Country Family Home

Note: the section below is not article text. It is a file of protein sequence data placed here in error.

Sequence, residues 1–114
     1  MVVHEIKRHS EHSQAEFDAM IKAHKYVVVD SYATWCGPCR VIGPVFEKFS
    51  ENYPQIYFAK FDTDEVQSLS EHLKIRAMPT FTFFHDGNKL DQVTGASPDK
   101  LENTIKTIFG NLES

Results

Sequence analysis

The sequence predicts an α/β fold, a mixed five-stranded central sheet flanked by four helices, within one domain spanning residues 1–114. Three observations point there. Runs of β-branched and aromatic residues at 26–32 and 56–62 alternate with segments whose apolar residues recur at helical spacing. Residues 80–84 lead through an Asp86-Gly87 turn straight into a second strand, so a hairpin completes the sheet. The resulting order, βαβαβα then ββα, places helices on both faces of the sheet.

Made between 1986 and 2015, Buchanan’s Shack Sculptures are a result of the artist’s close observation and extensive research of ‘shotgun’ houses, where one room is arranged in sequence one behind the other; the rural poor inhabited these houses. They were often constructed for rent near railways or manufacturing centers, but by the late twentieth century tended to be owner-occupied. By engaging with this architectural form, Buchanan considers the economic consequences of the abandonment of this form of housing as a result of the ubiquity of the motorcar that permitted people to move to the suburbs, where there was less pressure on space. In the South, where Buchanan lived and worked, superstitions were attached to this form of building that held that ghosts and spirits could pass straight through them, so doors were deliberately misaligned to deter them. Country Family Home is an excellent example from the Shack Sculptures series that explores the history of these ruined buildings, subjected to a battering by nature and life, and which are somehow kept alive to provide shelter for the disadvantaged. The patchwork nature of the shack suggests a hand-to-mouth existence but also the ingenuity of those who kept these buildings going against all odds. The title has ironic and cynical overtones, referring to country houses normally being considered as secondary residencies of the affluent. The artist’s emphasis on ruins foregrounds the central and pertinent theme of the necessity of survival.